While the statistics on young black males in the U.S. are alarming, their plight has been receiving increased funding and attention from the philanthropic community across the country as a number of groups and wealthy donors such as New York City Mayor Michael Bloomberg and George Soros have come to realize that the fate of the entire nation is intimately connected to the progress of black males.
Two important reports by philanthropic groups dedicated to improving the lot of black men have just been released, adding a measure of hope to the gloomy and depressing tone that normally accompanies media reports on the state of black men.
Both of the reports were made possible by the efforts of George Soros’ Open Society Institute and its four-year-old Campaign for Black Male Achievement. Shawn Dove, manager of the Campaign for Black Male Achievement, said it is essential for the nation to direct resources at this group because black males are “canaries in a coal mine,” showing the country the problems the rest of the population will soon be experiencing.
“We do not want a future America where all of our families, regardless of race, suffer high rates of incarceration, homicide, high school dropout, and unemployment,” Dove said. “This is why philanthropic investments in strategies to address the myriad challenges confronting black males will help ‘to lift all boats’ for underserved, vulnerable, and marginalized people, ensuring a brighter, stronger, and more equal and open society for us all.”
One of the reports, “Challenging the Status Quo,” also partially commissioned by the Congressional Black Caucus, shows that there are many incorrect myths about the status of black men in the U.S. that act to perpetuate negative stereotypes about this population.
The other report, “Where Do We Go From Here?,” produced by the Foundation Center and commissioned by the Campaign for Black Male Achievement, shows that the amount of foundation funding directed at solving the problems of young black males has been steadily rising and has begun to make an impact in cities across the country, but much more of a sustained funding structure needs to be established.
Soros, 82, is a Hungarian-born billionaire and investment titan who has given away $8 billion since 1979. In addition to directing the resources of the Open Society Institute toward black males, Soros also joined together with Bloomberg last year to each donate $30 million to address the problems of black and Latino men in New York City. In “Where Do We Go From Here?” Soros offered a window into the thinking that is motivating him to focus so many resources on black males. He listed many of the alarming statistics related to black males in New York—50 percent don’t finish high school; poverty rate 50 percent higher and unemployment rate 60 percent higher than white and Asian males; seven times more like to have an incarcerated parent; 30 percent caught up in criminal justice system.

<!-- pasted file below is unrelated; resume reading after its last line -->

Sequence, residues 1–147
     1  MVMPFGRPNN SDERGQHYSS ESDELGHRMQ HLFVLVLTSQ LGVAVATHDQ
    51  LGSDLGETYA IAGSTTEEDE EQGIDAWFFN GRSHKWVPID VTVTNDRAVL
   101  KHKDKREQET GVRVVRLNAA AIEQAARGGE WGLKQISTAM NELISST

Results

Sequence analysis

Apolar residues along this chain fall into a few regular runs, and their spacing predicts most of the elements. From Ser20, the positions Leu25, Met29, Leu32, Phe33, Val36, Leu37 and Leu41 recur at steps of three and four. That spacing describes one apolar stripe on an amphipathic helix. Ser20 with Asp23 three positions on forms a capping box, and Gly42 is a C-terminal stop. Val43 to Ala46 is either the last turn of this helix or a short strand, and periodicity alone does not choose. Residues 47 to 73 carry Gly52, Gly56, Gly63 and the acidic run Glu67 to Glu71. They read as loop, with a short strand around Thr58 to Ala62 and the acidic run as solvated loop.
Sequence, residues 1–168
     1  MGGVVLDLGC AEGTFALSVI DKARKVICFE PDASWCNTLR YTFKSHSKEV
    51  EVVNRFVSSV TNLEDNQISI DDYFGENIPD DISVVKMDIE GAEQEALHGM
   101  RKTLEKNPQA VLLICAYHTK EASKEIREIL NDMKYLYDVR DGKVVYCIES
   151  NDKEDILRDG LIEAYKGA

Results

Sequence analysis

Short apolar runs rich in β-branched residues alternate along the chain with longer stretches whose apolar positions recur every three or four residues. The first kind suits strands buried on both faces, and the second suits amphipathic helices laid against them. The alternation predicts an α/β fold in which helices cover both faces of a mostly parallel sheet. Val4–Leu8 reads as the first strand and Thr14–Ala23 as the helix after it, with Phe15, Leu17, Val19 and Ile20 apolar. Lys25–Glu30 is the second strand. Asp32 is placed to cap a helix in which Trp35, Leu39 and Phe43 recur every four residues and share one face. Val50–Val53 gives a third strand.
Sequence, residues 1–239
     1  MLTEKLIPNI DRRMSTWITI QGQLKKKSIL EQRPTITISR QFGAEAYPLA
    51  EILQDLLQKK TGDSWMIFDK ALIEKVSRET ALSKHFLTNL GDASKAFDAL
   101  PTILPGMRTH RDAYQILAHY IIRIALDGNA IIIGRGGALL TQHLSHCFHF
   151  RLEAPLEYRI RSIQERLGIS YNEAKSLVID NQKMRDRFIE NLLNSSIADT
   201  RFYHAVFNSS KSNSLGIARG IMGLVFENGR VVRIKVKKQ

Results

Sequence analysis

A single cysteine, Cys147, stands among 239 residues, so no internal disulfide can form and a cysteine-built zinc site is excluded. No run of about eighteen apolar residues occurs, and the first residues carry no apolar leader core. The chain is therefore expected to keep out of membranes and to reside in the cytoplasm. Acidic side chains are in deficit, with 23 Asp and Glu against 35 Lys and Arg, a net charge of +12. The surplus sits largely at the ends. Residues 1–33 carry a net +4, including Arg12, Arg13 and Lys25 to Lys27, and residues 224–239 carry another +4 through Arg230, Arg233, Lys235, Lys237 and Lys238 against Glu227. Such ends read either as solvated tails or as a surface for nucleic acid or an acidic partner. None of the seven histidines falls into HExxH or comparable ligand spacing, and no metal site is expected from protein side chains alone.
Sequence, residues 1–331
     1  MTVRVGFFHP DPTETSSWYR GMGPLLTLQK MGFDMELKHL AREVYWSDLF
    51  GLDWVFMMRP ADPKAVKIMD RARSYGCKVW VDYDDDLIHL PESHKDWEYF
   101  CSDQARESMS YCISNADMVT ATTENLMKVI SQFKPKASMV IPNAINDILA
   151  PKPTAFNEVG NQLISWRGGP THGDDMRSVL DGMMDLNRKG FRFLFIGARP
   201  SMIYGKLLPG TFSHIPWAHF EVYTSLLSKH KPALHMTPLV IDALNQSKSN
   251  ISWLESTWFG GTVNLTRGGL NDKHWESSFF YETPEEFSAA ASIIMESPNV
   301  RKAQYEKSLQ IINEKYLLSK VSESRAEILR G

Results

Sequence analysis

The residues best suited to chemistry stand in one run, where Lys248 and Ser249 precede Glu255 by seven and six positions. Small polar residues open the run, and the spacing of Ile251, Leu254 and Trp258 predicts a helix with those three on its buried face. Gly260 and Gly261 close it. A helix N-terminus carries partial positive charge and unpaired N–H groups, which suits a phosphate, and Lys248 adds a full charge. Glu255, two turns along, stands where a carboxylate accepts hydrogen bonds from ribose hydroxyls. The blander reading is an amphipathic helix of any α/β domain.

“This squandering of human capital is a disgrace,” Soros said in the afterword of the report. “New generations of African American boys and young men need not become such statistics. With rigorous academic instruction, so many of them can master so much. They need pre-school and afterschool programs. High school boys and junior college young men need internships to expand their assumptions about the realm of the possible in terms of the future—and their future careers. They need mentors and counselors who will prepare some for college and the professions, while helping others to develop marketable skills that will lead, after graduation, to satisfying, well-paying jobs.”
Buoyed by the successes the Open Society Institute saw in Baltimore with programs beginning to improve the outcomes for black males, Soros said he is committed to expanding opportunities for black boys and men—and also motivating other philanthropists and foundations to do the same to “reverse the serious damage inflicted over many years of systemic injustice.”
“This is a generational problem. It demands a longterm commitment,” Soros said.
In “Where Do We Go From Here?” the researchers found that annual funding designated for black males has been rising steadily, from $10 million in 2003 to $29 million in 2010. Education is the top funding priority, garnering 40 percent of the grant dollars between 2008 and 2010, while California, New York and Georgia are the top three states receiving foundation money explicitly designated for black males.
By far the most illuminating statistic in “Challenging the Status Quo” is the conclusion that black men are NOT underrepresented in the nation’s colleges. Black males make up 5.5 percent of all college students age 18 and over, which is proportional to the adult black male population in the United States, according to the report, written by Howard University education professor Ivory Toldson and University of North Carolina-Charlotte education professor Chance Lewis.
The authors say the myth that black males aren’t interested in education can be extremely damaging, as it leads teachers and counselors to direct them toward less rigorous academic pursuits, such as community colleges—which have notoriously lower completion rates because of the lack of resources directed toward the student body.
“The idea that black males are completely disaffected and beyond any reasonable efforts to remediate is an attitude that we frequently encounter when we train school leaders and educational administrators,” the authors wrote. “The cynicism and apathy among people who work with black boys are far more threatening to our future than the black male issues so ominously dramatized in the media.”